After establishing herself as one of the best 400-meter sprinters in the country over the course of her career, Seattle Pacific’s Vanessa Aniteye found herself in a different position in her final collegiate race.
The former Eagle River prep star concluded her illustrious career with a national title after winning the 800 meters at the 2023 NCAA Division II indoor track and field championships on March 11 with a career-best mark of 2:06.84.
“It was great ending my season like that and it took me two or three days to realize what really happened,” she said.
Aniteye knew she was the favorite heading into nationals after producing impressive marks during the season as well as at regions but still wondered how she measured up to the rest of the best the nation had to offer.
“I knew I was on top of the list, but the next two people weren’t very far away so it was kind of one of those things where it was whatever happens, happens, and you just never know what other people are going to do,” Aniteye said.
Prior to the past indoor season, Aniteye had been a 400-meter runner at Seattle Pacific University and before that at the University of Alaska Anchorage. She decided to switch it up for her last ride and won every 800-meter race in which she competed.
“The whole season I had this ‘last-one-best one’ mentality to make this last season the best season,” Aniteye said. “I didn’t want to waste too much energy on all the worries but at the end of the day you’re still going to be super nervous and especially going into (nationals).”
What makes her story more impressive than most national champions is the detour she took on her journey to the top.
Aniteye had already accumulated six All-American honors at UAA when she stepped away from competitive running in 2019. When she resumed competing at Seattle Pacific, she also had a renewed sense of purpose. During her time away, she became a wife and a mother.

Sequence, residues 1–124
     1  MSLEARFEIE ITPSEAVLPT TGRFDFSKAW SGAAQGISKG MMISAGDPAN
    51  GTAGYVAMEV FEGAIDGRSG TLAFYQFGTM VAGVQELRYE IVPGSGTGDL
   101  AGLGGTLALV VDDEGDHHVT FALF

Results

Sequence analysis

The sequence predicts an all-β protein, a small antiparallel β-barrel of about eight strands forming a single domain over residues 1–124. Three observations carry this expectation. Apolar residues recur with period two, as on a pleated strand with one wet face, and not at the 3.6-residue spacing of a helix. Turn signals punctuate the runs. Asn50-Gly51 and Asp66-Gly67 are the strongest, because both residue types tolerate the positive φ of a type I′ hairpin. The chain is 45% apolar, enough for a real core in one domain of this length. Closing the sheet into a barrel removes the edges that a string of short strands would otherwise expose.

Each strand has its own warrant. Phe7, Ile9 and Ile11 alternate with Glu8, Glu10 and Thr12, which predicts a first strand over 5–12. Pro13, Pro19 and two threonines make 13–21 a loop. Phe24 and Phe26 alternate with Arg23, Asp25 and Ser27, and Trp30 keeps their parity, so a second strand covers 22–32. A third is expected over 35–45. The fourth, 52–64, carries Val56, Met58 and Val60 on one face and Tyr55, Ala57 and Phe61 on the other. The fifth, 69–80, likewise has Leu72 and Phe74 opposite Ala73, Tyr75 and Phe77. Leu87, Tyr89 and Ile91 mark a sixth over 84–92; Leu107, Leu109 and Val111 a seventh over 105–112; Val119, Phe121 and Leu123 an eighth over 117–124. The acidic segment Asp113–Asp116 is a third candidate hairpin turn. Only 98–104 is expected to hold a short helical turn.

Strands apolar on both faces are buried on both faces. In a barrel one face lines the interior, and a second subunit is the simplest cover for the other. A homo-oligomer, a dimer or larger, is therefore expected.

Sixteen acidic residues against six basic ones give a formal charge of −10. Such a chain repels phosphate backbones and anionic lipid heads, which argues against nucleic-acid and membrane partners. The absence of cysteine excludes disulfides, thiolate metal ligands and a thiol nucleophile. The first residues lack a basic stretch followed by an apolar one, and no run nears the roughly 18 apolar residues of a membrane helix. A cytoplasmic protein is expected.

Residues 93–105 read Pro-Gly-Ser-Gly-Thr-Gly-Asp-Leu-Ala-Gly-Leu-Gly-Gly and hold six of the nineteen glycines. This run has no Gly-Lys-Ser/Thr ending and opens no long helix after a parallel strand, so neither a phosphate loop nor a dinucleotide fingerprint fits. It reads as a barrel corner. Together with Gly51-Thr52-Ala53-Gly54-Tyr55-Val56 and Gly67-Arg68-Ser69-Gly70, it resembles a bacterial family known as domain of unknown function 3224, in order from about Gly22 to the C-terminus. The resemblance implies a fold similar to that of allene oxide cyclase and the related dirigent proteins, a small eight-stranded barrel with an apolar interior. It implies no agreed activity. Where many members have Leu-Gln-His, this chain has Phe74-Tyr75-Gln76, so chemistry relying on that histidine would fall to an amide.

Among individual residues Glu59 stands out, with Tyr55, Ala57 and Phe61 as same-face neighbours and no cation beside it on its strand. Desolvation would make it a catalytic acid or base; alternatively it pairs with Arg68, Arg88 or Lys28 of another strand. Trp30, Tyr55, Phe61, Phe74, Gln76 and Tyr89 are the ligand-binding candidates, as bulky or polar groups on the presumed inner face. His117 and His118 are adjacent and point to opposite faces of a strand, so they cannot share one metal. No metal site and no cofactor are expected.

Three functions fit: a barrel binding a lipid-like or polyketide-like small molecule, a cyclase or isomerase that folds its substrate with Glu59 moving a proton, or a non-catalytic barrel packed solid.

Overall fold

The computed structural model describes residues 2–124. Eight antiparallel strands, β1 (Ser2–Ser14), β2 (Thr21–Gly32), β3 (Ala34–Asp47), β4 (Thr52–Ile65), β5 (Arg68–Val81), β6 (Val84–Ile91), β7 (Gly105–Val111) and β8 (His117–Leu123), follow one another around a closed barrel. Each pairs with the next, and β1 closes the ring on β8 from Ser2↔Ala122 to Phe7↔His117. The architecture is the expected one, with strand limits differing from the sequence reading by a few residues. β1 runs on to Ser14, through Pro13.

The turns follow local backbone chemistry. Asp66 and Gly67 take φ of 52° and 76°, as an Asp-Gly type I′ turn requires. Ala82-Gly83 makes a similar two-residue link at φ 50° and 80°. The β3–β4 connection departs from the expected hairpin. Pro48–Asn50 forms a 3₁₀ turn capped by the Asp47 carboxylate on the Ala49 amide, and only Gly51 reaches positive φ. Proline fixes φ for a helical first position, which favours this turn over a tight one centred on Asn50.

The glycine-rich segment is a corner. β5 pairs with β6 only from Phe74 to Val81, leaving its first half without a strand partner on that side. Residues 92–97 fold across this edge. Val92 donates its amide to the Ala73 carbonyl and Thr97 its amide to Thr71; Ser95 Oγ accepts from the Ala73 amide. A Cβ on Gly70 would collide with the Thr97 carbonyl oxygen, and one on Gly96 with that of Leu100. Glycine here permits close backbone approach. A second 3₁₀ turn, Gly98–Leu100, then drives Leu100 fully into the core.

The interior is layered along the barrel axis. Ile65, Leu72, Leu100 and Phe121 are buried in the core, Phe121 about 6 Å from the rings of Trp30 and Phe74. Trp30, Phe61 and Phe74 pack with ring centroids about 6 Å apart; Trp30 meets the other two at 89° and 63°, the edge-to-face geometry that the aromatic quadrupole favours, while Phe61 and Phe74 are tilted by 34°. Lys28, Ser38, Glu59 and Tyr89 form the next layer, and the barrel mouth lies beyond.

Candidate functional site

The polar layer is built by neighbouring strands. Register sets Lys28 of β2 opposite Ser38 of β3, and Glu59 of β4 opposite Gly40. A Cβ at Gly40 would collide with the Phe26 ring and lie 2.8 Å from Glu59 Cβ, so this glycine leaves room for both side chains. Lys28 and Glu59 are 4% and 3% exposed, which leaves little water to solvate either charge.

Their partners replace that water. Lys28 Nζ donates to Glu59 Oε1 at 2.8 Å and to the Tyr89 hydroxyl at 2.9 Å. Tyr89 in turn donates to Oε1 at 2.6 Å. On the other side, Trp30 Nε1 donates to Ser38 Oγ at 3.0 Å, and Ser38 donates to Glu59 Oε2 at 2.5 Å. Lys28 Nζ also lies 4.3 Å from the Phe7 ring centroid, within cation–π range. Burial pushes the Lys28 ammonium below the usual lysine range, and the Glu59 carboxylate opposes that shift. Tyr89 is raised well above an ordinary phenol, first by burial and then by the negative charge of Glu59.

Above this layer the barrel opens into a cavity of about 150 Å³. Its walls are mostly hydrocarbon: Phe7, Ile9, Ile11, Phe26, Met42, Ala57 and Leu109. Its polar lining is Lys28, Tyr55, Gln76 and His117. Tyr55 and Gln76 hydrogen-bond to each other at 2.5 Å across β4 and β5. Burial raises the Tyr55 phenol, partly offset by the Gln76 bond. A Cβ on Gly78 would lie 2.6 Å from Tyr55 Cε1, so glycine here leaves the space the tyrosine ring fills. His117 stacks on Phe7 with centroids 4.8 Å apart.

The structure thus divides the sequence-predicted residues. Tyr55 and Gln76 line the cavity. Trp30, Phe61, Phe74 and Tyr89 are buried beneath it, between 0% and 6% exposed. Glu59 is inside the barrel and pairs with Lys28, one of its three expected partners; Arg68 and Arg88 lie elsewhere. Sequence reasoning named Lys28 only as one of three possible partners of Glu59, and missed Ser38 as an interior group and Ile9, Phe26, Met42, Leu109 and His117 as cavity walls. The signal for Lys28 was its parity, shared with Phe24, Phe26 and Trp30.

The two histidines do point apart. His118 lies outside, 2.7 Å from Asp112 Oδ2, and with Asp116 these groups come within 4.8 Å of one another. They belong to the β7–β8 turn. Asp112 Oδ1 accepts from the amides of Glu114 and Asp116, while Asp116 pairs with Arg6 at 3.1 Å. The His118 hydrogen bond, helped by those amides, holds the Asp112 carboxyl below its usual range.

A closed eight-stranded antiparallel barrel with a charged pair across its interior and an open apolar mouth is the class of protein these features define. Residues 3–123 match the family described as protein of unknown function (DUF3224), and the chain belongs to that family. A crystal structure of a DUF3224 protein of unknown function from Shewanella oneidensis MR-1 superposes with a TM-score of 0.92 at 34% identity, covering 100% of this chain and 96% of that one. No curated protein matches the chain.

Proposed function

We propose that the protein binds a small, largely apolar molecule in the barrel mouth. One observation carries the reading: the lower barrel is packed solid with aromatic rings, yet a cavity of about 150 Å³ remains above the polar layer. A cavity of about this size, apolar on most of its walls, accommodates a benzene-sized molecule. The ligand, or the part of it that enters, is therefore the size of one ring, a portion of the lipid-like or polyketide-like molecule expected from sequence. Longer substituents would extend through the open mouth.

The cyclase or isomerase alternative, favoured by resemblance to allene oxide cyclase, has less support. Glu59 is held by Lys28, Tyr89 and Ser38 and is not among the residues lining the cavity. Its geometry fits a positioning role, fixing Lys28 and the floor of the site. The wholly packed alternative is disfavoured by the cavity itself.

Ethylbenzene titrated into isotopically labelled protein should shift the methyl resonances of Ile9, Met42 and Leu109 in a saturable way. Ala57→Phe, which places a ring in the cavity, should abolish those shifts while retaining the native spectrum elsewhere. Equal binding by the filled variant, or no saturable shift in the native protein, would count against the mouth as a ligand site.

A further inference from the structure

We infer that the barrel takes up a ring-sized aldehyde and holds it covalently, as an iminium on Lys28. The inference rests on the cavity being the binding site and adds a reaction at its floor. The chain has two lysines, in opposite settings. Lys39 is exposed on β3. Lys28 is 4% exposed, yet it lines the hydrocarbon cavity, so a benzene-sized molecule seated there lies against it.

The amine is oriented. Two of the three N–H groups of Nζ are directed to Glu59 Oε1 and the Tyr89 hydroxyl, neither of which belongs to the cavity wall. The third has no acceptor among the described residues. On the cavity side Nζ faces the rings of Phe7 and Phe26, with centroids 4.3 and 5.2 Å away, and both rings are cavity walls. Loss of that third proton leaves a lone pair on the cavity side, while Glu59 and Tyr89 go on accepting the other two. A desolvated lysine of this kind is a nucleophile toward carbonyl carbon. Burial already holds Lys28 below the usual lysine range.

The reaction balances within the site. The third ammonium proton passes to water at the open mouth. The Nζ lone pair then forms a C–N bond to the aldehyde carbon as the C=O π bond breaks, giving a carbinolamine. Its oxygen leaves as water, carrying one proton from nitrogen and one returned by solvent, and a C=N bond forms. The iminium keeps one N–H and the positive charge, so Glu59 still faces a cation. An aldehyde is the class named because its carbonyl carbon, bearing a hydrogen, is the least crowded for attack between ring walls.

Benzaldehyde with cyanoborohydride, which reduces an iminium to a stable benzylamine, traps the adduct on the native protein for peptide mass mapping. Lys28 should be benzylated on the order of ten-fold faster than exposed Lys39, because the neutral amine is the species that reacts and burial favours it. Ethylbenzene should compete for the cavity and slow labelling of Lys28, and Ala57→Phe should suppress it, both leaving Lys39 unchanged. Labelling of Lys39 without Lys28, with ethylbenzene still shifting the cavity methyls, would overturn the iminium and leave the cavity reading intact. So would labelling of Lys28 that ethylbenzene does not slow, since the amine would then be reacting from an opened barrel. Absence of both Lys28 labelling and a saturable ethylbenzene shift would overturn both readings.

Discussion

Unfortunately, her husband, Brandon Nicholson, and son Josiah weren’t able to cheer her on in person, but they were with her in spirit while watching virtually back home in Seattle.
The idea to take up a new event for her final collegiate season didn’t come from her but rather one of her coaches.
“Just knowing that I didn’t have an outdoor season, they didn’t want to put too much pressure on me,” Aniteye said. “I’ve run the 400 for so many years now and you have expectations. When you start something new, you’re a little bit more loose on how you approach things.”
Her coaching staff wanted her to be able to enjoy her last season with them with fewer lofty expectations.
“I guess it turned out to be better than we thought,” Aniteye said. “There were still expectations but the main idea was making the best out of a short season.”
She recently returned to Anchorage and took part in the annual Big C Relays, where she competed against some of the best high school and adult runners in the state and came in first in the Women’s Varsity 1 Mile Finals with a mark of 5:01.82.
The race took place at The Dome sports complex, which holds special reverence for her. It’s where her passion for track and field was ignited at 15 years old when she competed for Chugiak High.
“My very first ever track and field race was at The Dome,” Aniteye said. “My running career started at The Dome and coming back there after almost 10 years was pretty cool.”
Aniteye recently graduated from college with a bachelor’s degree in exercise science. She plans to spend more time with family but also continue her training.
“I’m a full-time stay-at-home mom, but also a runner,” she said. “I’m still running and am going to take it into the summer and see where running will take me. Hopefully, maybe eventually get some sponsorships and work up to whatever career I want to work in.”
After being a full-time student-athlete and parent for the past three years, she is relieved to be done with school for a while so she can just focus the bulk of her time and energy on one avenue.
As far as her professional aspirations as an athlete, she has dreams of competing in the Olympics like her role model Allyson Felix, who is also a runner and a mother, but understands that it takes “baby steps” to put herself in that position.
“The Olympics is something that I have my eyes on but it’s not like an expectation or anything,” said Aniteye, who was born in Germany. “I’m just running for fun now, and if I turn out to be very good at it and I get an opportunity to run for Germany, which I’d love to do, then I definitely would go for that.”